1. Legal Provisions for CSR:

Governments in various countries have incorporated CSR into their legal frameworks. One of the notable examples is India’s Companies Act of 2013, which made CSR spending mandatory for certain companies. Section 135 of the Act requires companies meeting specific criteria to allocate a portion of their profits to CSR activities. This legal provision has led to a significant increase in corporate contributions to social and environmental initiatives. Schedule VII of the Companies Act, 2013, read with section 135, lists down activities that can come under CSR:

While CSR is not legally mandated in the United States, laws such as the Foreign Corrupt Practices Act and the Dodd-Frank Wall Street Reform and Consumer Protection Act incentivize ethical practices and transparency among corporations. The United Nations Guiding Principles on Business and Human Rights also provide a global framework, emphasizing corporate responsibility to respect human rights.

3.2 Judicial Precedents Emphasizing CSR:

  1. Indian Petrochemicals Corporation Ltd. v. MC Mehta (1987): In a groundbreaking decision, India’s top court set a new legal precedent: companies causing environmental damage or harming people through hazardous activities will be held strictly liable, no matter the cause. This ruling prioritizes environmental well-being and public safety, forcing industries to take responsibility and compensate those affected.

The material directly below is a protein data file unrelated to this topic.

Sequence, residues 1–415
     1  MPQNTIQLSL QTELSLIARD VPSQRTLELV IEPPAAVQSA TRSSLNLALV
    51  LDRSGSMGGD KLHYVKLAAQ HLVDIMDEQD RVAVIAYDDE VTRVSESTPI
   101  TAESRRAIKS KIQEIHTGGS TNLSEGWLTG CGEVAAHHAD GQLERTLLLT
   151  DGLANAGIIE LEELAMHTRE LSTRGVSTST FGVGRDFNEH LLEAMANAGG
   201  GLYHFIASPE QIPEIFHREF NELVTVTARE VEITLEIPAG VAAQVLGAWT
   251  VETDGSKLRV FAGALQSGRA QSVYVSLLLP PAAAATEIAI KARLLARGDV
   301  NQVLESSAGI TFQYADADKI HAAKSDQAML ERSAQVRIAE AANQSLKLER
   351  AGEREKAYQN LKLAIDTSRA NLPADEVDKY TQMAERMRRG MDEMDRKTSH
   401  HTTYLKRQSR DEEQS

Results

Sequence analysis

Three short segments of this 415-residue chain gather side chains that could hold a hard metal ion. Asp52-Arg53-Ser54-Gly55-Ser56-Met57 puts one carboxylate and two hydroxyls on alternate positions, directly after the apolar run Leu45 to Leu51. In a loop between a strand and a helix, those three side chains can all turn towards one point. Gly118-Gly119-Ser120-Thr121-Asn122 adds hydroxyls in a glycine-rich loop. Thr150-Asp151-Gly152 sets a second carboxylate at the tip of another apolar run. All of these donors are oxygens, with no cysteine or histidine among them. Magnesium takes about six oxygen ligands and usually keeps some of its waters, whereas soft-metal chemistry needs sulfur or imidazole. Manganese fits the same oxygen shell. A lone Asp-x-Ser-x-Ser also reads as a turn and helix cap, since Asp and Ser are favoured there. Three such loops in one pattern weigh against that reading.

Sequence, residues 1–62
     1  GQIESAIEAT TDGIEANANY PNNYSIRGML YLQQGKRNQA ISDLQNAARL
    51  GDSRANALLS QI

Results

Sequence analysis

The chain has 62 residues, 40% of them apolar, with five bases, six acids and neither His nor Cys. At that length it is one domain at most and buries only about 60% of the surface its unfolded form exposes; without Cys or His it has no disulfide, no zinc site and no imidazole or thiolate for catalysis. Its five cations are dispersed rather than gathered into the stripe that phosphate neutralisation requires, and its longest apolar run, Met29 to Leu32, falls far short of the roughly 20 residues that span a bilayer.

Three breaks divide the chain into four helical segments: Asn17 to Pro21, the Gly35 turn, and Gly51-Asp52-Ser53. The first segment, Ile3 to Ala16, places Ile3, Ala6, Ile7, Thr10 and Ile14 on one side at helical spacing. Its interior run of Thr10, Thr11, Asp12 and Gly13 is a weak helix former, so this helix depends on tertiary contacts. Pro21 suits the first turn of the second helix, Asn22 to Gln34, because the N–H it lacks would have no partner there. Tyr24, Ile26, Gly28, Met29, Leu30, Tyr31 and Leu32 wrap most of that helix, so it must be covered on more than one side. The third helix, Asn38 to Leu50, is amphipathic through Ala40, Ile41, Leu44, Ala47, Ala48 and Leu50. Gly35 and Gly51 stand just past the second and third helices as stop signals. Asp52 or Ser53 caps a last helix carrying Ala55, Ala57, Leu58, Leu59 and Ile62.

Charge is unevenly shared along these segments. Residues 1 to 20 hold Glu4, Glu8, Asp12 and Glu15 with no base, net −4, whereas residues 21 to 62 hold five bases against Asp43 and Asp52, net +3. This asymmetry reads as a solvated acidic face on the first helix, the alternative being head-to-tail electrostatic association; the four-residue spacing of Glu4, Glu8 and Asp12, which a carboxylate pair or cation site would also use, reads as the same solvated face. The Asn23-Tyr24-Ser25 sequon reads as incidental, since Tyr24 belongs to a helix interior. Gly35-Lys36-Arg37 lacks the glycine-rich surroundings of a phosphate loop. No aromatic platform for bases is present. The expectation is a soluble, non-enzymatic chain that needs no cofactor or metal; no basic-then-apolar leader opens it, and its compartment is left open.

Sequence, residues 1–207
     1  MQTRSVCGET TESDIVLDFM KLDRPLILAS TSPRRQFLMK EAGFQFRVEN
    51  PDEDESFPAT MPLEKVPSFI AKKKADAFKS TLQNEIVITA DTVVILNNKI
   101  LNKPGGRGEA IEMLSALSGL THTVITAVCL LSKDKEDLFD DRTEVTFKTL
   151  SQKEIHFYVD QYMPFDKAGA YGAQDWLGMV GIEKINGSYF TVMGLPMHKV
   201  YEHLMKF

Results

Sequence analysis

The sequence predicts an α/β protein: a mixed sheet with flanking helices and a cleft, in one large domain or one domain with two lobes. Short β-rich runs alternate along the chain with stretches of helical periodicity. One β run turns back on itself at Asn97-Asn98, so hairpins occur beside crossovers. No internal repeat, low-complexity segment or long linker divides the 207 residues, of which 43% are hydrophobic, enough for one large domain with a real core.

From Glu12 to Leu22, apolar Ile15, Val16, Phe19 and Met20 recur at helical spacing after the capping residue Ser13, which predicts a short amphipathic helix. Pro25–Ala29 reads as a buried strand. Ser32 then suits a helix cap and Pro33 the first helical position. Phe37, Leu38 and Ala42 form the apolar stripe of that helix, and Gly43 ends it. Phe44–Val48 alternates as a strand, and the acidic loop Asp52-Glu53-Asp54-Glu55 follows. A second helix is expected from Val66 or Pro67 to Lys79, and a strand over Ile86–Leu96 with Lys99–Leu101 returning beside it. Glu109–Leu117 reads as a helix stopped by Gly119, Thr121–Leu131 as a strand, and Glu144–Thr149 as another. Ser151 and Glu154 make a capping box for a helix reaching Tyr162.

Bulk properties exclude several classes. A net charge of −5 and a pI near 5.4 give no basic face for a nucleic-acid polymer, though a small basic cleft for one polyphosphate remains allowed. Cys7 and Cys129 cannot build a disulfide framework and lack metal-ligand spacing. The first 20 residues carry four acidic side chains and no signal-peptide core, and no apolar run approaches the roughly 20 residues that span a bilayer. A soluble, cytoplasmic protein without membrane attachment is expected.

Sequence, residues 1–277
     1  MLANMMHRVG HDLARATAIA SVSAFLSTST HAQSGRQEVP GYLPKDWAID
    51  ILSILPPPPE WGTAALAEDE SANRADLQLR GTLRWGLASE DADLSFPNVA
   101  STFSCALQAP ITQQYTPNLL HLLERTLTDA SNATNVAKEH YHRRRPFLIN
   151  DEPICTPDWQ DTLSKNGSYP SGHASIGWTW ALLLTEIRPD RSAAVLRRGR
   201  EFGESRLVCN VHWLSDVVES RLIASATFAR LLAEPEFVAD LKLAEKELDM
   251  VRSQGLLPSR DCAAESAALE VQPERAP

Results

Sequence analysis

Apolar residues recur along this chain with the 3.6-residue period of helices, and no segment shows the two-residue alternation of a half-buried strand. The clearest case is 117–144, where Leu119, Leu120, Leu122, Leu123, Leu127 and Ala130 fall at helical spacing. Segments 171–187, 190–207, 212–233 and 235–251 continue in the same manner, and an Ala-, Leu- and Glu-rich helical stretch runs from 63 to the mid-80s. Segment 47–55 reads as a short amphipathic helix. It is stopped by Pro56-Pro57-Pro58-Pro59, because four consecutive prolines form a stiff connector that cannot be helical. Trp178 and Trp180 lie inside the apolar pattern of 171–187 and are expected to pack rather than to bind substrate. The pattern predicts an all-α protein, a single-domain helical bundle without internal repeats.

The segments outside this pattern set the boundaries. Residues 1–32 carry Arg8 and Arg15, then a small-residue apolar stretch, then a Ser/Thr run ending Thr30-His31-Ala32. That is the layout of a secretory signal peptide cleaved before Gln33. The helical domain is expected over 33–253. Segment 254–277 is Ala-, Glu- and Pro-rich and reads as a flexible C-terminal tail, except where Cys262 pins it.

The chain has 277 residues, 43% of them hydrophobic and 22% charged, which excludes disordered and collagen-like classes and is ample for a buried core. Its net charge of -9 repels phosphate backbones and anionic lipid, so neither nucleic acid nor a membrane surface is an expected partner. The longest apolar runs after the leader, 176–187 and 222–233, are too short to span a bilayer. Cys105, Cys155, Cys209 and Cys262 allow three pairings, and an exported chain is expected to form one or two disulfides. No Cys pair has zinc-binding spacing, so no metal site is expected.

2. Union Carbide Corporation v. Union of India (1992): The Bhopal disaster forced a reckoning for corporations. India’s highest court clarified that companies must take financial responsibility for victims of industrial accidents, help them rebuild their lives, and clean up any environmental damage they cause.
  3. Kiobel v. Royal Dutch Petroleum Co. (2013): A critical US court decision opened a path for suing corporations involved in human rights violations overseas. This ruling highlighted that corporations can be held responsible if they contribute to such abuses, even if they happen outside the US.
  4. Rio Tinto plc v. Comisión Nacional de Energía (CNE) (2015): A Spanish court ruled that mining giant Rio Tinto can’t just waltz in and start digging. They must consult with nearby communities before starting any mining projects. This decision highlights the importance of listening to and involving Indigenous people in decisions that affect their land and way of life.
  5. Conclusion

Our exploration of CSR in India reveals a dramatic shift from voluntary actions to a legal mandate. Now, businesses must prioritize society and nature’s social and environmental well-being alongside profit making. Embracing CSR not just fulfills a legal obligation but enhances reputation, employee morale, and risk management and attracts investors who are also inclined towards ideal sustainable development. This is a call for collective action—businesses, employees, and consumers to integrate CSR and build a brighter future.